Take time to also notice your own EBA. Are you feeling seen, heard, and supported? Is your cup being poured into, and how is that affecting your parenting? 

2. Connect Before You Redirect

All emotions are valid, even the ones that lead to big, undesirable behaviors. Before you redirect, connect with the underlying emotion. In doing so, your children feel seen and heard (another way to fill the EBA). 

When it comes to redirection, decide if you are channeling the behavior or halting it altogether. Because connection-based parenting isn’t permissive parenting, your boundaries can be empathetic and firm. Keeping limits clear and consistent is the best way to ensure that your child understands and cooperates with them. 

This process may sound something like this: 

  • I see that this feels hard for you. It is okay to feel what you are feeling. It isn’t okay to hurt others. I won’t let you hit me. I will keep us safe.
  • I see that you are jumping on the couch. Jumping is fun. You can jump on the trampoline, outside or we can play the floor is lava. You choose!
  • I hear you when you say you don’t want to give the block back. It is so tricky to wait. Would you like to hand it back to your brother or would you like me to help?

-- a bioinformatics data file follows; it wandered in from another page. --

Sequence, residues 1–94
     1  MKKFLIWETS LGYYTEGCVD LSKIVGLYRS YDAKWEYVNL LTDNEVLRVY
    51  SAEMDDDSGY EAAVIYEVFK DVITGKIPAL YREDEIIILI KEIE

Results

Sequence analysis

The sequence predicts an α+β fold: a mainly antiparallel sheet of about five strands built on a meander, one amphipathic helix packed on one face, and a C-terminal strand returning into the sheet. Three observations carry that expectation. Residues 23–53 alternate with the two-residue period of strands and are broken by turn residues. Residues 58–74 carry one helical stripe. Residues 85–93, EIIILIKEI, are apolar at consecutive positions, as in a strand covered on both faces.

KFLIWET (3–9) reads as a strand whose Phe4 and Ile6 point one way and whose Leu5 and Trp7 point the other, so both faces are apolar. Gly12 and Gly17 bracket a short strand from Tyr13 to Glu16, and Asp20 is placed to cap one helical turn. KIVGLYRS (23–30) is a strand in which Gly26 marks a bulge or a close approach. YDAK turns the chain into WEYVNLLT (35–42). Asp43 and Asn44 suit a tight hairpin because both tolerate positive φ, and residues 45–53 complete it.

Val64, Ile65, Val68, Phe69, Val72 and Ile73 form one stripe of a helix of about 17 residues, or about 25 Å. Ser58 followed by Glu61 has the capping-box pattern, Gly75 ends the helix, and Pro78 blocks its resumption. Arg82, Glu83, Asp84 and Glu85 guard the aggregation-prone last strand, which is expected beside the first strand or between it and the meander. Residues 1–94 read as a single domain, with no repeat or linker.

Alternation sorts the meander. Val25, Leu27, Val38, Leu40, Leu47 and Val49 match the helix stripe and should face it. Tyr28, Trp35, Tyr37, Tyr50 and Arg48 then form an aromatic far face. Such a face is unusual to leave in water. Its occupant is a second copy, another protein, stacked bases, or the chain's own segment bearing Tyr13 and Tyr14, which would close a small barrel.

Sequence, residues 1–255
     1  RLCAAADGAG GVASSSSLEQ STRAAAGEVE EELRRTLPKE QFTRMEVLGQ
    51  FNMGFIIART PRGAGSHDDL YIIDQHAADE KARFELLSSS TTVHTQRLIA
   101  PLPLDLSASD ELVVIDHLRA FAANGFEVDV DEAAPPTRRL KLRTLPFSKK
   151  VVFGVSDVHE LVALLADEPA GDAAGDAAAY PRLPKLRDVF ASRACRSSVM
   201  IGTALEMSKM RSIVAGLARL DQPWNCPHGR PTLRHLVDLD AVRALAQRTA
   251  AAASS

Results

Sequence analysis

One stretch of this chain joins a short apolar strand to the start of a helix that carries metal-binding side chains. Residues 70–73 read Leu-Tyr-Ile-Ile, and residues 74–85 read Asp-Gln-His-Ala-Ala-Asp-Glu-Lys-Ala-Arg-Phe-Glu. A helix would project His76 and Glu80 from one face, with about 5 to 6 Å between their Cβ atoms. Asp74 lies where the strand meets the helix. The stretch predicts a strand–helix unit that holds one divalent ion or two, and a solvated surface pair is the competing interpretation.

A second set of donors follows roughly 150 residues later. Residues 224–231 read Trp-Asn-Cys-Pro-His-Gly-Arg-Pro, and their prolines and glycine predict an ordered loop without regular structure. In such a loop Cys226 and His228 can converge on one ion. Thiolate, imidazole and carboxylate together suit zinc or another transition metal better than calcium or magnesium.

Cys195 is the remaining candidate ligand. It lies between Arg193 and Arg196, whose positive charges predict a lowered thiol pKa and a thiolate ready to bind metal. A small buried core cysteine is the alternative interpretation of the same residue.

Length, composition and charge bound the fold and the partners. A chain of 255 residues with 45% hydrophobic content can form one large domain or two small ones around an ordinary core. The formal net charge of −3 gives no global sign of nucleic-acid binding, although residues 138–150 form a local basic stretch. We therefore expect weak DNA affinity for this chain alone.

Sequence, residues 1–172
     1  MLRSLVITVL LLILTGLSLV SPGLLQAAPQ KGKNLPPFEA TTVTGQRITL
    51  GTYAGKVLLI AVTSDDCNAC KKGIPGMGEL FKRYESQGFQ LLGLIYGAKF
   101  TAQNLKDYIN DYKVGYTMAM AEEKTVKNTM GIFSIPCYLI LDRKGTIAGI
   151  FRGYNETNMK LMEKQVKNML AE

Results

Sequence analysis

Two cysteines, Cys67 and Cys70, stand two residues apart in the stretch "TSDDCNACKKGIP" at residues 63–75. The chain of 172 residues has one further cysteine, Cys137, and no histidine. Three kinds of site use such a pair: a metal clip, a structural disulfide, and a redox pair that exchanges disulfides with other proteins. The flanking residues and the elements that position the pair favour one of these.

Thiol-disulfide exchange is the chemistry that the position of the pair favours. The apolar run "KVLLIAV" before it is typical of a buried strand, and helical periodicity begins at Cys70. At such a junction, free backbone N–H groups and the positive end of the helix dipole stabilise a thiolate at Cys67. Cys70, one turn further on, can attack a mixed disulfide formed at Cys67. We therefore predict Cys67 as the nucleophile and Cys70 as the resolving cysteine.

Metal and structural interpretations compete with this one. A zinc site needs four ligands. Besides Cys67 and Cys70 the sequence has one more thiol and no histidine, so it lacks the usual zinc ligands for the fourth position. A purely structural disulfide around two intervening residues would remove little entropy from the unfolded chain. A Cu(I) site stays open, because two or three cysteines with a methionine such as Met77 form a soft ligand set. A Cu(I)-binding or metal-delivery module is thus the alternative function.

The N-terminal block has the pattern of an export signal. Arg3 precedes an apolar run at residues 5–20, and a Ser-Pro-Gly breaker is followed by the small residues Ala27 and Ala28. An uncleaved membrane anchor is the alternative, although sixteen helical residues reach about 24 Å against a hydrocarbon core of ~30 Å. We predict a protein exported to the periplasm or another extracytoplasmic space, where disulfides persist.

• I hear you when you say you don’t want to leave the park. You really enjoyed the slides today. It is time to go. Let’s race to the car!

3. Take A Time-In

Time-Ins are daily rituals rooted in connection that help children build the skills of emotional regulation, problem-solving, impulse control, and making repairs. Through the use of feelings posters and the love of their adult, children begin to notice body sensations and manage the same unpleasant feelings that are often the cause of the challenging behaviors. 

Raising children is a long game. When we lead with punishment such as threats, blame, and shame, we lose so much more than we win - namely their trust and respect. Not to mention the opportunities to support brain development and teach life skills. 

When we lead with connection, children learn to regulate emotions and learn higher-level skills through the safe space of a supportive caregiver. Not only does this strengthen your relationship but it gives you more authority. Your children will want to work with you more than they want to work against you. 

And that, that is a win-win

•  •  •